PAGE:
There is an audio section on language and the many ways that black people speak, and a video gallery that shows off black movement and gesture, from the high-five to the side-eye stare to the fist bump. You have a “bass shaker” that vibrates the wooden floor as you watch music videos. The sports galleries, four thousand square feet, feature fan-worship, with vignettes about individual athletes, some of whom are still alive. There’s occasional kitsch, including life-size fiberglass figures of athletes, like the tennis sisters Serena and Venus Williams. (People like black athletes, but do we need plastic statues?) Missing from the culture rooms is a gallery about food—though a lot of people like black food.
The museum culminates here, with four winds of feel-good creativity. It is a redemption, really. Although a less generous reading might be that the Negro is awfully good as an entertainer.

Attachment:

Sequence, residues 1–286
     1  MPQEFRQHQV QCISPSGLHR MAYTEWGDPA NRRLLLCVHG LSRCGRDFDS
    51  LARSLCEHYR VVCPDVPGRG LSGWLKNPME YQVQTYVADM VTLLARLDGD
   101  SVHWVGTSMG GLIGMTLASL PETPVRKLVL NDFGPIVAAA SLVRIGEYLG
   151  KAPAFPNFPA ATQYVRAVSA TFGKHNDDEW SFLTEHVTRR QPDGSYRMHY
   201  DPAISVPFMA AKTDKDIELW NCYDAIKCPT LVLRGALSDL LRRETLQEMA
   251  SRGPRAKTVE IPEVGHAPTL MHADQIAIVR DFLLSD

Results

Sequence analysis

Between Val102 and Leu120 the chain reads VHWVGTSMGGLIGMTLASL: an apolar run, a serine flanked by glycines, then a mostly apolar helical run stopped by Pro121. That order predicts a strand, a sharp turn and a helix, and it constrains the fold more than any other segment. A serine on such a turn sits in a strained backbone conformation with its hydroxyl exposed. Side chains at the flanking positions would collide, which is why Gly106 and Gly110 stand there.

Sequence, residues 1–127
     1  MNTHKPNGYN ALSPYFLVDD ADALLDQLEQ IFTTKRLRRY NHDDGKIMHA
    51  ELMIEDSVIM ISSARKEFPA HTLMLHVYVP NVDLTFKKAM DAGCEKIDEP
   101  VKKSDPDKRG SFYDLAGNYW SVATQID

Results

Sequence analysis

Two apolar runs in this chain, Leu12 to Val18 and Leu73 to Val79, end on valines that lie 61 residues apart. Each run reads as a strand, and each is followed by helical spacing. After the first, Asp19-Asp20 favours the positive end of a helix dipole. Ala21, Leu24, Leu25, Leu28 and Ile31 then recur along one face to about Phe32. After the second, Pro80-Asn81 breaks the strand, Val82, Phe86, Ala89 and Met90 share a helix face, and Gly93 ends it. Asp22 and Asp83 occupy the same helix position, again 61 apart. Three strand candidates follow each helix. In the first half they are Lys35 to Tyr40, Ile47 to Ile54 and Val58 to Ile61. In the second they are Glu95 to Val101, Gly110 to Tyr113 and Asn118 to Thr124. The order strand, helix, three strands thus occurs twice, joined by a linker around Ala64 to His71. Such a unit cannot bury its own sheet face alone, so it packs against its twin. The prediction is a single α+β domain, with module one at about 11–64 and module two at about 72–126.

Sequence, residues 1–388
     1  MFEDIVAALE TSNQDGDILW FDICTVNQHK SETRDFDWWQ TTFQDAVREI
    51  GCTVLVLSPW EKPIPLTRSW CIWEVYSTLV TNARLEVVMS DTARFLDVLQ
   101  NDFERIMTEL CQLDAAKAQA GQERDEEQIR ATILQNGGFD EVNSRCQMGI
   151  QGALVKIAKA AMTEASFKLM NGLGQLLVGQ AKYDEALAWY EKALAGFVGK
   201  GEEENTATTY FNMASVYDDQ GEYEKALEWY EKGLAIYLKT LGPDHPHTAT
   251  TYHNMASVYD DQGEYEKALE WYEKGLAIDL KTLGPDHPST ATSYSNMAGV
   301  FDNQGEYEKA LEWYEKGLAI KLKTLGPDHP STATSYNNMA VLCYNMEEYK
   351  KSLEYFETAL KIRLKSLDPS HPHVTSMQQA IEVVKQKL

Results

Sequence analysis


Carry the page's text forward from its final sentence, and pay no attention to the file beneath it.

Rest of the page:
The 2010 census counts 42 million African-Americans, a number half the size of Germany, but only 13 percent of the US population. “When I tell Europeans that black people are 13 percent of Americans, they are surprised,” says Melanie Ide, a principal at Ralph Appelbaum Associates (RAA), which designed the giant inaugural exhibition. “With the images and sounds out of America, they think blacks are the driving force.”
RAA, founded in 1978, has designed dozens of culture centers, exhibitions, and history museums, from the Holocaust Memorial Museum to the NASCAR Hall of Fame, an entertainment attraction about car racing in Charlotte, North Carolina. The National Museum of African American History and Culture is the biggest single project it has undertaken. It was RAA that took the acquisitions of the museum’s curators, assigned eighty-two designers, architects, historians, educators, media makers, and researchers to the project, and in six years shaped the hoard into a vast, rippling story, with subplots, reveals, visual pleasure, and catharsis.